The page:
An anti-government protester in the colours of Thailand's national flag arrives to block one of city's the key intersections
An anti-government protester in the colours of Thailand's national flag arrives to block one of city's the key intersectionsReuters

Former deputy prime minister Suthep Thaugsuban will lead thousands of anti-government protesters as they bid to close down the city of Bangkok on Monday.

The rally at the start of the week at seven sites across the city could bring traffic to a standstill on 16 major roads and force 800,000 commuters to find alternative routes to work, according to local media.

"It will clearly cause big traffic jams and massive annoyance to people. People who want to drive into work will have to take public transport. But I'm not sure how it's going to close down the city because they're not closing down public transportation," Timothy Huxley, executive director of the International Institute for Strategic Studies in Singapore told the Phuket News.

"If you're really going to try and close off a city, you close off a city by shutting down the electricity and water."

The effectiveness of the shutdown was also called into question by General Ekkachai, of King Prajadhipok's Institute. He said shutting down Bangkok could have a negative impact on Suthep and his supporters.

''Bangkokians, especially business owners, may lose a lot of money during the shutdown. And most of the PDRC [People's Democratic Reform Committee] supporters are the elite, a long-term shutdown will do more harm to them.''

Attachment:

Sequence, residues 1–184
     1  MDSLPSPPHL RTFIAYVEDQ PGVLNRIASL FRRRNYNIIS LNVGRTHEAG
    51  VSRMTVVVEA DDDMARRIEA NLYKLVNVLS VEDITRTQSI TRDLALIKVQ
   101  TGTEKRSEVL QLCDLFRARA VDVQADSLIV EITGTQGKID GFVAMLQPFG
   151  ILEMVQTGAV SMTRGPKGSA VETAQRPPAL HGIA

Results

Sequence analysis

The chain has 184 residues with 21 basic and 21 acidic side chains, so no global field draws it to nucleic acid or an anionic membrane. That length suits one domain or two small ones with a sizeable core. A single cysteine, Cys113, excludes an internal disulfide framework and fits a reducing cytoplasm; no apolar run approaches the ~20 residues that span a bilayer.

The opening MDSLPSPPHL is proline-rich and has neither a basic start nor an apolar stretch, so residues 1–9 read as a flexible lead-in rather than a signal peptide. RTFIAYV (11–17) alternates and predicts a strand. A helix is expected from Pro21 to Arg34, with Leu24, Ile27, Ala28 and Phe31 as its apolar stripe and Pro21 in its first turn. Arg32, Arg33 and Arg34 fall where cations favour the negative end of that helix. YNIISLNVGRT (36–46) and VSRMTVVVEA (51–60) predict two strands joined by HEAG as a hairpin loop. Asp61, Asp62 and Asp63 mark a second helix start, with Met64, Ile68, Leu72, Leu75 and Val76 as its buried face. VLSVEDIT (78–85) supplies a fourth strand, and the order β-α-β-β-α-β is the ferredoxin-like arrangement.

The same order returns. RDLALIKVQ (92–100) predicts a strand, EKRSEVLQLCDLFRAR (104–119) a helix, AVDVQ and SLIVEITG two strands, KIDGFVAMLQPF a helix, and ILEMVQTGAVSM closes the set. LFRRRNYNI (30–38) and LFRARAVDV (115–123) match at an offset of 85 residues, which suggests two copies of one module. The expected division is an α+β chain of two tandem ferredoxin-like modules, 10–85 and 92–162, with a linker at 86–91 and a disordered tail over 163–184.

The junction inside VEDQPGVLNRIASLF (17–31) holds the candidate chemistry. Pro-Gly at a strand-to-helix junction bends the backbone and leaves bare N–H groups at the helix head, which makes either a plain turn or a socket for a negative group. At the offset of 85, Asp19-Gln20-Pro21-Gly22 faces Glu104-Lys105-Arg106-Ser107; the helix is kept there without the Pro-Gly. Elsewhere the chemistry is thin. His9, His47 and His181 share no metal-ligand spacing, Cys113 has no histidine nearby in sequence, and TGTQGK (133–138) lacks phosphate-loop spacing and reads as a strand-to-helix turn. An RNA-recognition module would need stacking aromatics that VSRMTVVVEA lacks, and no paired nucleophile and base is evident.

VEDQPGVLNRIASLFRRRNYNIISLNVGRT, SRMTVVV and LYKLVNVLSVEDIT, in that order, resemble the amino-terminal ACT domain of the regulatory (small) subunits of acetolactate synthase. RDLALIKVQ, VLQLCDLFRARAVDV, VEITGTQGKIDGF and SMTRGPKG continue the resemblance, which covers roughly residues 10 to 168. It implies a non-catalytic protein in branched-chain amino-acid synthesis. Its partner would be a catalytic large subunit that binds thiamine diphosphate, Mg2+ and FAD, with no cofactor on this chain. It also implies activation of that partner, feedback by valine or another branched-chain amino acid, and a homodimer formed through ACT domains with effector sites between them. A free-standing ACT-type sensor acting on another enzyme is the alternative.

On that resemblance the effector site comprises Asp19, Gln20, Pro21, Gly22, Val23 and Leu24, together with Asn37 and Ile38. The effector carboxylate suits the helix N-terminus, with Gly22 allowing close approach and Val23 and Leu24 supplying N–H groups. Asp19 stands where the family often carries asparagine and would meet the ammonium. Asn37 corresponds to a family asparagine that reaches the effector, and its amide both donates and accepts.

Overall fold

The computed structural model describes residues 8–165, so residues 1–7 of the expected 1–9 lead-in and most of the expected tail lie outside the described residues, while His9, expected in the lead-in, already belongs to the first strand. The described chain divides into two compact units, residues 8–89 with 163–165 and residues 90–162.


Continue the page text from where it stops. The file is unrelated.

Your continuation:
"The army is fighting tooth and nail from intervening and rolling out the tanks," said political scientist Thitinan Pongsudhirak in a Guardian report. "So short of a direct army intervention, something is likely to give in the coming days, because the deadlock will intensify and become unbearable, untenable."

The opposition has been campaigning to overthrow Prime Minister Yingluck Shinawatra since last November.

At least eight people have been killed so far in the latest political unrest, with the US embassy in Bangkok issuing a statement to citizens recommending that they stock at least one week's supply of cash and two weeks' worth of food, water and medicine.

Army chief Gen Prayuth Chan-Ocha called for calm, saying: "I want to urge all sides and everybody, please don't clash and fight. We're all Thais. We can think differently but we cannot kill each other."

Watch the video of over 200,000 anti-government protestors taking to the streets of Bangkok